What would happen to the pile of junk in your life if you looked at it as a potential masterpiece? You might not invent a light bulb, but you could light up your world.
Last night before I went to bed I heard an owl hooting. Since my house is surrounded by forest, this is a normal occurrence. The difference was that I listened.
This owl reminded me of an improvising musician. Its basic theme went like this:
It experimented with several variations, and with each it seemed more and more pleased with itself. The hooting got increasingly enthusiastic. I was reminded of Walt Whitman’s, “Song of Myself”:
I celebrate myself, and sing myself,
And what I assume you shall assume,
For every atom belonging to me as good belongs to you.
That’s the beauty of creativity. When we connect to the pure knowing of our inner beings, what we express has the potential to transform the world.
Recently I listened to an interview with Carol Look, who teaches EFT (Emotional Freedom Technique) and who has created some very useful teaching tools in audio and DVD form.
In the interview she described how, if you’re in a negative mood, you can shift your focus. Some of the methods she listed were petting your cat or dog, taking a walk in nature (which can include a city park), and listening to music you love.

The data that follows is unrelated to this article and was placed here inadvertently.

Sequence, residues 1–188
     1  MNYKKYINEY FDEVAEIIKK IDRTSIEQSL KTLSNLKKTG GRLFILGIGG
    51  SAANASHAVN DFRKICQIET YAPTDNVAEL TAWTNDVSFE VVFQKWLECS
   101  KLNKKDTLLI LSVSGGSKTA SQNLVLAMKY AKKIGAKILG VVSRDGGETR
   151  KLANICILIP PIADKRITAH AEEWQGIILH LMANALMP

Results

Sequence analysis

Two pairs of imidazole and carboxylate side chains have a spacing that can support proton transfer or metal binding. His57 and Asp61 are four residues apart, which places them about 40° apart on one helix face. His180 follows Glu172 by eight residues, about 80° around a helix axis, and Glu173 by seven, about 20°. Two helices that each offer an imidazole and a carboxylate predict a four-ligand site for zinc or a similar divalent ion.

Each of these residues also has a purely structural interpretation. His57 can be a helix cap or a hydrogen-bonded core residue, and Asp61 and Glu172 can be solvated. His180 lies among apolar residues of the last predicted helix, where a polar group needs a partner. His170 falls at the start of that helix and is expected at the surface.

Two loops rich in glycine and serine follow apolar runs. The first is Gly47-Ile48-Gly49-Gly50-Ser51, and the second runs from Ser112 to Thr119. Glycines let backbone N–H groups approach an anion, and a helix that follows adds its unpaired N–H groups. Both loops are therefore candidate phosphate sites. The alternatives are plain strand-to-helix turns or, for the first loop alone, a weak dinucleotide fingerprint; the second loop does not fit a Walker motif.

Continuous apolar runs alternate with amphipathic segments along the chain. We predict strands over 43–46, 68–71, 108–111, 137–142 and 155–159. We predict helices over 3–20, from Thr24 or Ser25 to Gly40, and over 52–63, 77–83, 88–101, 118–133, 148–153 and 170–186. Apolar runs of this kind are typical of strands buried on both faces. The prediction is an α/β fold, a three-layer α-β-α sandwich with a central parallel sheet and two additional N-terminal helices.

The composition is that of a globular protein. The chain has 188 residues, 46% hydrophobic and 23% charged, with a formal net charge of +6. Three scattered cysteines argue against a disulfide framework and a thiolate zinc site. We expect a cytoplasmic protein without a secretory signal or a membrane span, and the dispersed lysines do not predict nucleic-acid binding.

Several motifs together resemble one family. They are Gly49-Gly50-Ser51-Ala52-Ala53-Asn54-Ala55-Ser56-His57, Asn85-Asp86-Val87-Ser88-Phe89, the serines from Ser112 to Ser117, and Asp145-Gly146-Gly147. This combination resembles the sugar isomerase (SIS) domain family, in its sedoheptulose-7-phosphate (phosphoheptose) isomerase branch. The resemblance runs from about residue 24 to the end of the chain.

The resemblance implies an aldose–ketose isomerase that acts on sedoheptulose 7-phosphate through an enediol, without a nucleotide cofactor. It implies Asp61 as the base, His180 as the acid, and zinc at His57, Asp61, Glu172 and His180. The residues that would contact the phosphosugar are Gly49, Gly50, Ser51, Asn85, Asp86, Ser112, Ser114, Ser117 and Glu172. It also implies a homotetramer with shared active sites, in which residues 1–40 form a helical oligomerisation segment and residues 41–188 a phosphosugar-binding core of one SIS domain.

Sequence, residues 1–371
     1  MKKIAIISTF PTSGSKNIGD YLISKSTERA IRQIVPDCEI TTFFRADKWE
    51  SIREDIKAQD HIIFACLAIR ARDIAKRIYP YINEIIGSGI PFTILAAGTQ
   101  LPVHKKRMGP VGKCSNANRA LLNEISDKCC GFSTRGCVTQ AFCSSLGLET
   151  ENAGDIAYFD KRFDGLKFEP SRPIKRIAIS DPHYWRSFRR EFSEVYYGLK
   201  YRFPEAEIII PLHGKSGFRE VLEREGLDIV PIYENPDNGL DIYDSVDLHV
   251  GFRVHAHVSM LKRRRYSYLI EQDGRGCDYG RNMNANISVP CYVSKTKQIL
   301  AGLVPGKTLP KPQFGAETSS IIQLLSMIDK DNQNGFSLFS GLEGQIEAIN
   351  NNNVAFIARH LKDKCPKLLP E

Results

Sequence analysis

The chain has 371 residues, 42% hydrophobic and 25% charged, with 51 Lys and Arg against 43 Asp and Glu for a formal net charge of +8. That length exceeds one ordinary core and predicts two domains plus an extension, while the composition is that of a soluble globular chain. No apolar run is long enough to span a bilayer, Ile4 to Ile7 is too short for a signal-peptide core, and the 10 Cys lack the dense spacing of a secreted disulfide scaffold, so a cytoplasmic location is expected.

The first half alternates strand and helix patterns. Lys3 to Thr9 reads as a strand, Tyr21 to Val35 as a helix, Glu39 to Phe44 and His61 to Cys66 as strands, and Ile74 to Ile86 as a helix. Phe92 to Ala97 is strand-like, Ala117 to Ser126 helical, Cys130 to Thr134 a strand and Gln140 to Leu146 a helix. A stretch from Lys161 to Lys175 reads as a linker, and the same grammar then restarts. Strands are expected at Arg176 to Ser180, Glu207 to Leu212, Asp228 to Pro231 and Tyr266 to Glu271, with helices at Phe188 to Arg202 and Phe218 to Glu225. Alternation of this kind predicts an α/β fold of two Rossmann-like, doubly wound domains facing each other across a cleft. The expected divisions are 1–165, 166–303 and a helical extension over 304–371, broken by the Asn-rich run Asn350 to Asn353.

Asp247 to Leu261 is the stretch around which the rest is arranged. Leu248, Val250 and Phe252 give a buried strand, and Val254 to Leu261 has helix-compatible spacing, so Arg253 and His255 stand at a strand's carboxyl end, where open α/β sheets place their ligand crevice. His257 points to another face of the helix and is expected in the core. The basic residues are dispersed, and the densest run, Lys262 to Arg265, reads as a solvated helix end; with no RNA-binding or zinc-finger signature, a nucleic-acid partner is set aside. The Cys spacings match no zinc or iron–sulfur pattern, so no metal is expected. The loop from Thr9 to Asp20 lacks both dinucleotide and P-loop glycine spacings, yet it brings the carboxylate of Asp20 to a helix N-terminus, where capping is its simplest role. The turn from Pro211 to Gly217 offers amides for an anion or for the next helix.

This may sound simplistic, and I’d rather say it’s simple, by which I mean easy. Because of its ease, simple methods for changing one’s mood get overlooked. We are so trained to believe that only the complicated and difficult methods can help us change our lives. That’s another way of saying we must struggle and suffer so that we appreciate the achievement of our goals.
The trouble is, after a long journey of struggle and suffering, we are often too exhausted to be appreciative. We’d rather take a nap.
When we, instead keep it simple, we’re able to enjoy the journey. The purring cat or tail-wagging dog, the pleasure of watching birds fly, or the pure enjoyment of music you love are their own rewards. When we change our focus, we aren’t waiting to be happy. We are happy and ready for more.
What could be more creative?